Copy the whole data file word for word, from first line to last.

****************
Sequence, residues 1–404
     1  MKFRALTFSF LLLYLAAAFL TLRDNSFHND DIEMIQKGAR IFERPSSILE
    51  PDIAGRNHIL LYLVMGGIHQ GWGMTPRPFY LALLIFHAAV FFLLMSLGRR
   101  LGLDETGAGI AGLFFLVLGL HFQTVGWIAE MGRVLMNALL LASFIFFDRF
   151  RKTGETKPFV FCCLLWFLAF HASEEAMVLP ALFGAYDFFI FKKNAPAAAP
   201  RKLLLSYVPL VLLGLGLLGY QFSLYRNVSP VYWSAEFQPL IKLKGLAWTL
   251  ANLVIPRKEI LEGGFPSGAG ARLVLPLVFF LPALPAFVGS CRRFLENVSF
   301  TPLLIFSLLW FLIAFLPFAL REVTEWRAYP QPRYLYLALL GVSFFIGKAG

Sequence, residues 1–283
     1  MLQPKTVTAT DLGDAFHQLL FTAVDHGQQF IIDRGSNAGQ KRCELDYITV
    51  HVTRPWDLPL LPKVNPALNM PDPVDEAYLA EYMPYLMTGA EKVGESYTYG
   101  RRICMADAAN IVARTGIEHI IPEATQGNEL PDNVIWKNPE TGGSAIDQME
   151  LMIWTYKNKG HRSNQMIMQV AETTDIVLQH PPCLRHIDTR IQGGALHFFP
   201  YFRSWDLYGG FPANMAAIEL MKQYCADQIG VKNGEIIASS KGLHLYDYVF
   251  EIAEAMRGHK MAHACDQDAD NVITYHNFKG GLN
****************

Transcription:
Sequence, residues 1–404
     1  MKFRALTFSF LLLYLAAAFL TLRDNSFHND DIEMIQKGAR IFERPSSILE
    51  PDIAGRNHIL LYLVMGGIHQ GWGMTPRPFY LALLIFHAAV FFLLMSLGRR
   101  LGLDETGAGI AGLFFLVLGL HFQTVGWIAE MGRVLMNALL LASFIFFDRF
   151  RKTGETKPFV FCCLLWFLAF HASEEAMVLP ALFGAYDFFI FKKNAPAAAP
   201  RKLLLSYVPL VLLGLGLLGY QFSLYRNVSP VYWSAEFQPL IKLKGLAWTL
   251  ANLVIPRKEI LEGGFPSGAG ARLVLPLVFF LPALPAFVGS CRRFLENVSF
   301  TPLLIFSLLW FLIAFLPFAL REVTEWRAYP QPRYLYLALL GVSFFIGKAG

Sequence, residues 1–283
     1  MLQPKTVTAT DLGDAFHQLL FTAVDHGQQF IIDRGSNAGQ KRCELDYITV
    51  HVTRPWDLPL LPKVNPALNM PDPVDEAYLA EYMPYLMTGA EKVGESYTYG
   101  RRICMADAAN IVARTGIEHI IPEATQGNEL PDNVIWKNPE TGGSAIDQME
   151  LMIWTYKNKG HRSNQMIMQV AETTDIVLQH PPCLRHIDTR IQGGALHFFP
   201  YFRSWDLYGG FPANMAAIEL MKQYCADQIG VKNGEIIASS KGLHLYDYVF
   251  EIAEAMRGHK MAHACDQDAD NVITYHNFKG GLN